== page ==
Public transport has always been an unresolved issue for Fidel Castro’s government. In Havana, in particular, where after the trams were taken out in the early 1950s, the bus service was among the best of all the most important cities in the world.
In the 1980s, when the county had a direct pipeline to the resources of the Kremlin, Hungary and other countries of the old socialist block, in the village of Guanajay, 60 kilometers from the capital, they set up a factory to assemble Ikarus buses. This did not prevent movement from one part of the city to another being a disaster.
At the time of the greatest material abundance of the olive-green Revolution, when you could buy yogurt and milk without a ration card, 2,500 buses and about 5,000 taxis circulated in the capital. But even still the deficit in public transport was not eased.
With the arrival of the silent war called “the special period,” after the collapse of communism in the Soviet Union and Eastern Europe, traveling around the city was a feat worthy of an Indiana Jones adventure. There were times when some bus routes operated only twice a day. Then they made their appearance with the famous “camels,” trucks towing large trailers that could fit up to 300 people, squished in like sardines. Real saunas, and places for pickpockets and sexual perverts.
People walked up to 20 kilometers a day to conduct their business, visit a friend or family member. The main streets were deserted and dark as the power was cut off up to 16 hours a day. On that chaos, the heavy Chinese bicycles were introduced, which caused fatal traffic accidents to skyrocket.
Not to mention the escalating violence. The streets of Havana were competing with those of Medellin or Rio de Janeiro. In order to steal your bicycle, the thieves were just as likely to chop you with a machete or slit your throat, as they caught you by stretching a rope across the dark street, when you passed on your bike.
With the passing of time, to the buses and “camels” they added “Haley’s comet.” Castro 1, preoccupied with his delusions of helping Third World countries, and squandering the meager public funds in economic nonsense and meaningless plans, landed to reality in 2004. And looking stupid in the Assemblies of People’s Power, he asked what the Minister in charge was doing to resolve the transport crisis.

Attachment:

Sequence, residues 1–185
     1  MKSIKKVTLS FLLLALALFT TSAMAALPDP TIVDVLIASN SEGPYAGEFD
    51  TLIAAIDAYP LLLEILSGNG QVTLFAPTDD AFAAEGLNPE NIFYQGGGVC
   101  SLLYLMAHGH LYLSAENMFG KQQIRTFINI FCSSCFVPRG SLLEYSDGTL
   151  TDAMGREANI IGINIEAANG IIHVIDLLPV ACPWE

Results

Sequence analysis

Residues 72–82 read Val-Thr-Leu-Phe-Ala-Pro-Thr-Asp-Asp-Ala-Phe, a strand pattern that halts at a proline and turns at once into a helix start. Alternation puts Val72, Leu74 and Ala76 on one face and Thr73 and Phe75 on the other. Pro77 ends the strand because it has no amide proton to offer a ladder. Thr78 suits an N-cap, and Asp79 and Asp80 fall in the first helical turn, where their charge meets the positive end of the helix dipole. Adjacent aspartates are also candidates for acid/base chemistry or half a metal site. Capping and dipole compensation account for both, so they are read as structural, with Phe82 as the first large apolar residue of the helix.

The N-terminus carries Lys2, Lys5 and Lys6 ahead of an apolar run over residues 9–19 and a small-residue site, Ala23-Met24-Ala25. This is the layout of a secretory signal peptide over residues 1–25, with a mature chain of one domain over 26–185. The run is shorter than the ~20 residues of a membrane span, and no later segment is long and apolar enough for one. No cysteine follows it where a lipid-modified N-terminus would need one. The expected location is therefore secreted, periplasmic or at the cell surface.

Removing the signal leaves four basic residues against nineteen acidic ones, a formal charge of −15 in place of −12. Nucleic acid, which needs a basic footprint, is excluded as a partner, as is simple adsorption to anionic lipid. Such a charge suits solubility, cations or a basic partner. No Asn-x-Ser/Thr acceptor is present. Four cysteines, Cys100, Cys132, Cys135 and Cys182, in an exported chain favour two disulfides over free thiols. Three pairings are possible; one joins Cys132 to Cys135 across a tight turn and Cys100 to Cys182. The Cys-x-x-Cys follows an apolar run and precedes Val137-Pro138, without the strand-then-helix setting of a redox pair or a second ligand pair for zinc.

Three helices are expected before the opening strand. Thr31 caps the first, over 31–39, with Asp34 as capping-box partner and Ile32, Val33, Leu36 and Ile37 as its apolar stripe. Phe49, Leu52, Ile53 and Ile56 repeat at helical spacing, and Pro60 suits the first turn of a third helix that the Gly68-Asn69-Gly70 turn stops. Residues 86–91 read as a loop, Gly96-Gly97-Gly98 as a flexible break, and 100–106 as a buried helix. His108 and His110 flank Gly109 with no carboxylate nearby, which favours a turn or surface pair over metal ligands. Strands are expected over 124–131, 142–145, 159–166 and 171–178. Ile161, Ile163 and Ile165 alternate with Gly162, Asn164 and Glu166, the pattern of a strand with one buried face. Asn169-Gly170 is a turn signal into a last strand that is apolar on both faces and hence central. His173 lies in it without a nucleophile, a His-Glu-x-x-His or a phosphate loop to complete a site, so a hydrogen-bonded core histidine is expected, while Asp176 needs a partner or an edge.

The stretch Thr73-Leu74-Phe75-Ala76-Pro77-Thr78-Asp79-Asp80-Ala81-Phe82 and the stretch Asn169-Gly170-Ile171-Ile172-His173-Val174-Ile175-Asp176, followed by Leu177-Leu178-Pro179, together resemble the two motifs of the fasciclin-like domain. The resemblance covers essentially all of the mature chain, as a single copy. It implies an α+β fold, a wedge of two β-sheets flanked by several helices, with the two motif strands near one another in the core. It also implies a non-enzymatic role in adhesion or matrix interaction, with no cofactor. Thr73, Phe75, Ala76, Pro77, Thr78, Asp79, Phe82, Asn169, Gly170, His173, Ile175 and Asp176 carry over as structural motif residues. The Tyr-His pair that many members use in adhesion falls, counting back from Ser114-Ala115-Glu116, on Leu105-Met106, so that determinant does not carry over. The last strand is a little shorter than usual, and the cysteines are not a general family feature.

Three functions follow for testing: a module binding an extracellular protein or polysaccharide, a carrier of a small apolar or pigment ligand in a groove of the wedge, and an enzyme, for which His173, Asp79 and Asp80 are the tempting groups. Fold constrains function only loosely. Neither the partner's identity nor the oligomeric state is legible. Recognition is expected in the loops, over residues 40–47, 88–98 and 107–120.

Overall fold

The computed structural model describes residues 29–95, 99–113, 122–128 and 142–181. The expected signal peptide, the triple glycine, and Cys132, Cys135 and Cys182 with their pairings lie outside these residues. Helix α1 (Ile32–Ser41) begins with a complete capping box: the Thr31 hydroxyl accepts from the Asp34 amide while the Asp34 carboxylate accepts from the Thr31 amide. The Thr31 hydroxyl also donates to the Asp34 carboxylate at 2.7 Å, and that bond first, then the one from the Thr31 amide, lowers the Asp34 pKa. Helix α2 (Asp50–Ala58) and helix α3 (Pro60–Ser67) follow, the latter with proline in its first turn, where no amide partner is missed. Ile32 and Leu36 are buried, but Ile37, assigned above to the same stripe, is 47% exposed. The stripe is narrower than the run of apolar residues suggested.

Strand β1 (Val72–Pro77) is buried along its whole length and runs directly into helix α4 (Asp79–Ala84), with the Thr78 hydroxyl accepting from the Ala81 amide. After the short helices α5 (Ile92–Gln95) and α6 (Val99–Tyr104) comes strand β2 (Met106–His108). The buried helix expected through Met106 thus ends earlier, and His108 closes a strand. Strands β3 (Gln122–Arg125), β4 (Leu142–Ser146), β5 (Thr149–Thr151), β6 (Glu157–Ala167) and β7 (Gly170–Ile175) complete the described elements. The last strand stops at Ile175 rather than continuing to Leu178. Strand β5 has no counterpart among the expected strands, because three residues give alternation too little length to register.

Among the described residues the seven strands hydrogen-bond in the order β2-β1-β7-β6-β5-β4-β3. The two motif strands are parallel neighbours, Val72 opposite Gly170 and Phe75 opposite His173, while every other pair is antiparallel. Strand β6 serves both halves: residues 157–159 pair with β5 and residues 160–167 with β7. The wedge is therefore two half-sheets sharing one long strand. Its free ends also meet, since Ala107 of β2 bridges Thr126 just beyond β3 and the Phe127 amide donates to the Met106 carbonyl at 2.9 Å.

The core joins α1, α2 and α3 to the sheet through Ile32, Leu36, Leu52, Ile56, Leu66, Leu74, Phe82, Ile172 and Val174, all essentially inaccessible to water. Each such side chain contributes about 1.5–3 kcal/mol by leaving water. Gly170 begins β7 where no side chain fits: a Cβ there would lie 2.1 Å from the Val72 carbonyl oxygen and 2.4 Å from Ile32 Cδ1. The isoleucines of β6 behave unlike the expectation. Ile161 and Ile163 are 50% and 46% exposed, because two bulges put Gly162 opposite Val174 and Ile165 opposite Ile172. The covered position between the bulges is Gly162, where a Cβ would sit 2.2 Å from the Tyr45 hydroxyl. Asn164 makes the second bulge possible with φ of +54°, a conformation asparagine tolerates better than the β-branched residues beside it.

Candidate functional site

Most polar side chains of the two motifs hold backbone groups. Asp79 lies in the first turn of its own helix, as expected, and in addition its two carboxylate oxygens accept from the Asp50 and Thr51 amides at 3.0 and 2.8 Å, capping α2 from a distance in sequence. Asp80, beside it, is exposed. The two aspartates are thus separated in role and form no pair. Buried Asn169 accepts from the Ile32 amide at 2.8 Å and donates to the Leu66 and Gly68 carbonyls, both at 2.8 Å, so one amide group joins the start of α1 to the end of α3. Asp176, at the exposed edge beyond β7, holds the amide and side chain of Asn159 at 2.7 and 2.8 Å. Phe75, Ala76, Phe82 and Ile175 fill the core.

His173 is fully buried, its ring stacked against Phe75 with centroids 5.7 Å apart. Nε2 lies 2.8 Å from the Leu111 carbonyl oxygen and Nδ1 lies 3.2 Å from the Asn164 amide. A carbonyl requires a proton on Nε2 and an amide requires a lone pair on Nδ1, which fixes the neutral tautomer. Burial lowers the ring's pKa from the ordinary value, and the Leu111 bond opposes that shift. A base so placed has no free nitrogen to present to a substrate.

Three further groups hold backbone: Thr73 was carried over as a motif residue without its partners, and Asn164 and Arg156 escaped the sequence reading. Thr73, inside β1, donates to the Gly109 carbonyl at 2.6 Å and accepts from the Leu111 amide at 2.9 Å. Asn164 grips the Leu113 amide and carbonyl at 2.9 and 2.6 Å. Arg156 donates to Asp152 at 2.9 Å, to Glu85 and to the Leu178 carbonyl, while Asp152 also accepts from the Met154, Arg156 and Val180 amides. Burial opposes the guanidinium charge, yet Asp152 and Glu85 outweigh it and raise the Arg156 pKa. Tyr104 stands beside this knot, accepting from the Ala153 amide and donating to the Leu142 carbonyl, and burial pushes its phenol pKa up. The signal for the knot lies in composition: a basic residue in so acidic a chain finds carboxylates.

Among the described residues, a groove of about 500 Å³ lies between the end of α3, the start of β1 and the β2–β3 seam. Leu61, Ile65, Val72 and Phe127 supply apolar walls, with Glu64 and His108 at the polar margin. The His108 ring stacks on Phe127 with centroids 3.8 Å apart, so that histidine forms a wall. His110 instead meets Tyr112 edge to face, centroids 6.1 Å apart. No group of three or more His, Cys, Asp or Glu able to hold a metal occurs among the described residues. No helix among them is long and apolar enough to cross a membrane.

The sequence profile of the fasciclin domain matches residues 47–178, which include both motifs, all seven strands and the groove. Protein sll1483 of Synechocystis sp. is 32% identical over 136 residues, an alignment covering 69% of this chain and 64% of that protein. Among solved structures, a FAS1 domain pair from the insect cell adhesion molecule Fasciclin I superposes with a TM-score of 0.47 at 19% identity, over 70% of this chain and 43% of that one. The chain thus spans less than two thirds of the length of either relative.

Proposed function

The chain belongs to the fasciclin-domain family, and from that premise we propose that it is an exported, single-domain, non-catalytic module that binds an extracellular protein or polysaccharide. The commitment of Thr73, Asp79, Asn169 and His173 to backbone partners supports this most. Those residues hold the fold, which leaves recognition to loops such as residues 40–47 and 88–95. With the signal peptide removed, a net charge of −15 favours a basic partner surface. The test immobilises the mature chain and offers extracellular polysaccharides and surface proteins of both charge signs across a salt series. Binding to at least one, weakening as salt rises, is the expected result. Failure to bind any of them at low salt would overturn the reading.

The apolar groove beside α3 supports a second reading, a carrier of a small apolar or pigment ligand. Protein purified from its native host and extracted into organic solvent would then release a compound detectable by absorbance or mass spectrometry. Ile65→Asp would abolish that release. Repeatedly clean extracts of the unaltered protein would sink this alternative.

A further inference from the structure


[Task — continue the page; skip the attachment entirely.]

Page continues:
As always, el comandante blamed the failure on others. But he realized that if he wanted the economy to grow, he would have to take some money from the bank to buy buses, trucks and locomotives. From China and Russia they bought about 5,000 buses and an equal number of trucks.
Urban transport, starved, saw the manna when they started to roll out 460 Yutong, Liaz and Maz buses throughout the city. The bus company began to operate 17 routes designated with the letter P, that today run on Havana’s main arterials.
In peak hours, the P routes run every 5 to 10 minutes. They are always full to bursting and hot as an oven. But for want of bread, cassava. The much vaunted improvement that the city’s leaders boast about is pure mirage.
Today, one-third as many buses are operating in the city as in 1988. It makes sense that a city of more than two million people, like Havana, if you want it to function even minimally, must have bus service capable of carrying a million people who move around the city every day.
Lacking a subway or suburban train, and where taxi service in national currency has disappeared, the only viable option for the citizenry is to take the congested P routes. Still, moving from the main central avenues to a marginal neighborhood on outskirts is a complicated story.
The bus service in the major neighborhoods and peripheral areas is a calamity. With the downturn in the economy due to the two crises, the world financial crisis and the one we have suffered for 21 years as a result of the Special Period, the plans to expand public transport have been shelved.
With the cutting of the frequency of trips, heading out with the family on the weekend is quite inconvenient. The buses known as the P routes are packed and run up to 30 minutes late on Saturdays and Sundays.
To make matters worse, among the staff of the bus company it is rumored that the due to the usual default on part of the Cuban government, the providers will not guarantee to supply parts for the years to come.
To go from one zone to another in the city could become an inferno. And the hard years of the 1990s, when a bus was as rare as a spaceship, could return. Although never, to be perfectly honest, has a bus ride in Havana been easy or pleasant.
Photo: DCvision2006, Flickr. One line of trams in Havana in the 40s.